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Podcast: Can Rap Be Christian? with Michael Riley, Part 2

Part 2 of Scott Aniol’s discussion with Michael Riley. In this episode, Scott and Michael discuss the issue of meaning in form.



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6 Responses to Podcast: Can Rap Be Christian? with Michael Riley, Part 2

  1. Sounded in part 2 as though you see a strong analogy between the culture of fundamentalist preaching and the culture of rap. Looking forward to part 3 and an answer to whether rap can be redeemed, and what the implications of your answer might be for fundamentalist preaching.

  2. Ben,

    As best as I remember, Scott and I don't return to this comparison in the third installment of the podcast. Given that, and given that I'd be interested in further discussion of this point, I'll take up your question (briefly).

    As to whether fundamentalist preaching can be redeemed, my answer is this: the style of preaching to which I referred in the podcast, in which the very manner of delivery makes it unmistakable that the authority for faith and practice rests with the man in the pulpit, is unredeemable. That manner of delivery, I would contend, is incompatible with our understanding of the authority of Scripture and of the role of the pastor.

    Do you find this a fair comparison? I am truly interested in your thoughts.

  3. Michael, my sense of the analogy was that fundamentalist preaching and rap have a point of contact in that both are often characterized by a self-aggrandizing individual antagonistically communicate his message. Without a doubt, that style cannot be redeemed. (Not a big fan of the redemption terminology, but I'll work with it.)

    It was unclear to me where you were going with that. Did you mean that the cultures that produced those things are so flawed that there's no hope for redeeming the forms because those forms are intrinsically reflective of essential characteristics of the cultures? Or did you mean that the self-aggrandizing antagonism could be extracted from both? Or did you intend a much narrower application of the analogy?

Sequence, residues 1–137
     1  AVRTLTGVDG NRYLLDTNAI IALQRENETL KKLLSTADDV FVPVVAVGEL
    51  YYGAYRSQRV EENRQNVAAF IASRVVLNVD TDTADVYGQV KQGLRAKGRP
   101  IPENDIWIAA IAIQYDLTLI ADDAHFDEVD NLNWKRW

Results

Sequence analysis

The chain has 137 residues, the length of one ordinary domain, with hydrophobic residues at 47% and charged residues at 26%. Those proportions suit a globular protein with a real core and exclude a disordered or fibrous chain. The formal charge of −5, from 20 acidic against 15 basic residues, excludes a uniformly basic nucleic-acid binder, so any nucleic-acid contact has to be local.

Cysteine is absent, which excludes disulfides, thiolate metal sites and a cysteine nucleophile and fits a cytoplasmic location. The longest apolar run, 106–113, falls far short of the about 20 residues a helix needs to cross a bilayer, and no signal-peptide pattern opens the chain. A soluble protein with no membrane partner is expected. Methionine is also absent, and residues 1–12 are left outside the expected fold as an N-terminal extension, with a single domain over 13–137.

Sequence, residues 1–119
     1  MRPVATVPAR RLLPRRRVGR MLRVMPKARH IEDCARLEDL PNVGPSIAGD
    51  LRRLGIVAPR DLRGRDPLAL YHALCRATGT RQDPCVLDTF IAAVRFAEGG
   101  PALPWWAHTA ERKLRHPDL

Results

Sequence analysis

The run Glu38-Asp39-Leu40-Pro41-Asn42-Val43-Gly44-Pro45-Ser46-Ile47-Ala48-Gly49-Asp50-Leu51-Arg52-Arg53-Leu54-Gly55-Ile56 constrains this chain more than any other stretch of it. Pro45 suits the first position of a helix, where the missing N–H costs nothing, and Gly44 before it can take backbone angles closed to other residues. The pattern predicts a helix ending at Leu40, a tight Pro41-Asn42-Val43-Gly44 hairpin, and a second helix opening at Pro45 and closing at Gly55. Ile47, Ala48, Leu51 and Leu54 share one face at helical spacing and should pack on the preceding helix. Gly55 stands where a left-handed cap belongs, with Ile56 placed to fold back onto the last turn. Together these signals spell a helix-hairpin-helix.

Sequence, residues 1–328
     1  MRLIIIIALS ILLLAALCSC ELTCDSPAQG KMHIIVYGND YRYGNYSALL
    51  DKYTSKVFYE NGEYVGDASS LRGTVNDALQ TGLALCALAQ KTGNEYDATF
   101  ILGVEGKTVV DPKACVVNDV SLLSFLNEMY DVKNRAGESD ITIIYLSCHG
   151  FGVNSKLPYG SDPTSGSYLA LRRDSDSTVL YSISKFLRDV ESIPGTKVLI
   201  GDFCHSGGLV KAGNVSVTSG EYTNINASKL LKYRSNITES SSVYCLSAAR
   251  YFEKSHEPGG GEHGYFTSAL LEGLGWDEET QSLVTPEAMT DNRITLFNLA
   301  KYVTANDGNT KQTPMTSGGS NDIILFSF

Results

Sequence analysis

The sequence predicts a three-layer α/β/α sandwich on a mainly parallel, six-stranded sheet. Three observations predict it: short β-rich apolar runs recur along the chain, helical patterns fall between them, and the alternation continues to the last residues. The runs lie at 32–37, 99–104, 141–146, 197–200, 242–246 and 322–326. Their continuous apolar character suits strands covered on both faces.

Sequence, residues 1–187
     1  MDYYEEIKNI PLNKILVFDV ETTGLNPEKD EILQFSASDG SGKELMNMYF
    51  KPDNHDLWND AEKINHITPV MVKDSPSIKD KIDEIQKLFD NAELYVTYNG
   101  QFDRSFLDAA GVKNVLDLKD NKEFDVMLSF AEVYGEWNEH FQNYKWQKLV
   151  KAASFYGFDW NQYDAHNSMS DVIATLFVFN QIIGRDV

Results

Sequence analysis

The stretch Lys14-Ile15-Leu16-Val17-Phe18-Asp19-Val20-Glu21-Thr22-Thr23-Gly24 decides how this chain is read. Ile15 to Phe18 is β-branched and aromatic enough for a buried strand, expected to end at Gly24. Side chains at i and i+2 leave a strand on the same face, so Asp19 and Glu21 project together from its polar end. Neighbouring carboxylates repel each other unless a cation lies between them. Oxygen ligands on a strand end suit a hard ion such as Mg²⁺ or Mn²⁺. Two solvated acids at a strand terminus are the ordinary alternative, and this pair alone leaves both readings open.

4. Ben,

    I'm with you in not being a fan of the redemption terminology. Scott and I employed it because it is the typical language for the defense of Reformed rap, but if you drop it, I will too :)

    My original intention was very narrow: take this style of communication and that style of communication, and highlight some very unexpected similarities. If the parallel holds, strong opposition to one style should lead, at least, to the possibility that the other is objectionable. Thus, the fundamentalist who opposes rap should also oppose the sort of preaching that is stereotypical of fundamentalism (and the stereotype exists for a reason). In the same way, the opponent of blustery preaching should take a hard look at the way in which rap communicates.

    As to the question of whether the comparison can be broadened: I would wish to give that more thought, but my initial reply is "yes," because forms and cultures tend to have a chicken-and-egg relationship: the culture has values that are expressed in forms compatible with those values, and the forms of expression used then embed its values more deeply, which in turn shape forms, etc. Thus, I would be forced to say that a ministry's preaching style does say something about its wider value system.

    Thus, I'd contend that a ministry that tolerates or promotes forms that are self-aggrandizing has deeper problems, problems of piety. A mere shift of forms is not a sufficient solution to that problem.

  5. "I would be forced to say that a ministry's preaching style does say something about its wider value system."

    This is my suspicion as well. What's particularly damning is that reformed rap has what much fundamentalist preaching does not: sound, theocentric content.

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